Teaching Ideas:

  • A fun activity for students could be to make their own book of community members in their town or even the different types of teachers in their school as a back to school activity.
  • My five-year-old loved this book and asked me to reread it to him several times. We then created our own guessing game during dinner giving clues about other community members we might see such as the town librarian and the mailman.


Charlotte the Scientist is Squished by Camille Andros; illustrated by Brianne Farley, 2017

(Ages 4 to 8)

Charlotte is a serious scientist who is ready to conduct experiments. The only problem is that she has no room to run her tests because she is constantly surrounded by her many brothers and sisters. Being a proper scientist, she uses the Scientific Method to solve her problem. She identifies her question of how to create more space, forms her hypotheses, conducts her experiment, makes her observation, and reaches a conclusion. Charlotte’s first few experiments fail, but Charlotte’s persistence pays off as she finds solidarity after traveling to the moon. While she finds the space she needs, she also becomes lonely, so she revisits her initial hypothesis and creates her own lab out of her spaceship back on Earth. After a lot of hard work, Charlotte finally concludes that she can have the room she needs while still being close to her large family. Children will love this charming story and budding scientists will enjoy the last few pages that review the simplified version of the scientific method.  Charlotte is an inspirational character who demonstrates creativity and persistence. My five-year-old son absolutely loves this charming story and there is no doubt that it will be popular among children, parents, and teachers alike.

Teaching Ideas

  • Print a picture of Charlotte or use a stuffed animal that becomes squished or stuck somewhere in the classroom. Then, have students use the Scientific Method to identify a way to save Charlotte or the animal.
  • Use this story as a writing prompt to encourage students to write about a time they encountered a problem and how they solved it.


7 Ate 9: the untold story by Tara Lazar; illustrated by Ross MacDonald, 2017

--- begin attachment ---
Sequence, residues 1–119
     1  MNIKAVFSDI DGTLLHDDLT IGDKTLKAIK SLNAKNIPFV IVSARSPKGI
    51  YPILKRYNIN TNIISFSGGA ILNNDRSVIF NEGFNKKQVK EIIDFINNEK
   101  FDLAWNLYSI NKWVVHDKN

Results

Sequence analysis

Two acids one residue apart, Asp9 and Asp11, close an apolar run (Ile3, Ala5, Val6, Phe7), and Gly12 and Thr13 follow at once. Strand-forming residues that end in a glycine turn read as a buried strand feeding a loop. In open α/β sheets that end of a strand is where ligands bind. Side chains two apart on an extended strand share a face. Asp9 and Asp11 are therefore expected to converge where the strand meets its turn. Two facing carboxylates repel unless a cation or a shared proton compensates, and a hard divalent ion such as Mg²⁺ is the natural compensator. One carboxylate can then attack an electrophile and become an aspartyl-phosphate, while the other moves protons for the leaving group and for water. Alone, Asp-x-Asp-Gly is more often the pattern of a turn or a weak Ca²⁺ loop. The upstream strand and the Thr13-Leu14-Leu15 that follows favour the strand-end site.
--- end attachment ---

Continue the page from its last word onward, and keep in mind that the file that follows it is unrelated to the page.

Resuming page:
(Ages 5 – 10)

The author has combined the mysterious style of film noir with the classic joke, “Why was six afraid of seven? Because seven ate nine!” to create a comical tale that both children and adults will enjoy. The plot revolves around a Private “I” who takes on the case of the missing “9”. The number “6” claims that “7” is behind the disappearance. Leaving no number unturned, the Private “I” gets to the bottom of this numerical mystery.

Because this story is filled with hilarious puns, idioms, double entendre, dialogue, and components that make up the mystery genre, it is a terrific teaching tool to introduce or review any of the before-mentioned elements. Children will delight in pointing out the various word plays that appear on every page.

Teaching Ideas:

  • Since there are examples of puns, idioms, or double entendre on almost every page, teachers could assign students a page from the book and have them make a list of the jokes using both the text and the illustrations.
  • Students can create their own book of puns or idioms after using this book as an example.
  • This story could serve as a writing prompt. A teacher can provide a choice between other well-known jokes and let the students create their own story using a joke of their choice as inspiration. Here are a few other classic jokes:
    • Why did the chicken cross the road? To get to the other side!
    • Knock Knock. Who’s there? Boo. Boo who? Don’t cry it’s only me!
  • Use this book as a prompt for children to write their own mystery story.


Wordplay by Ivan Brunetti, 2017

(Ages 6 – 9)

When a teacher assigns her students homework to identify compound words, a little girl has fun daydreaming about silly examples such as a handyman who is actually a hand, a football that is a ball in the shape of a foot, etc. This book is part of the Toon Book series, which specializes in creating basic graphic novels for young children. The illustrations appear in one to four large panels with the text in speech bubbles. Children will be excited to come up with their own examples of compound words after reading this comical book.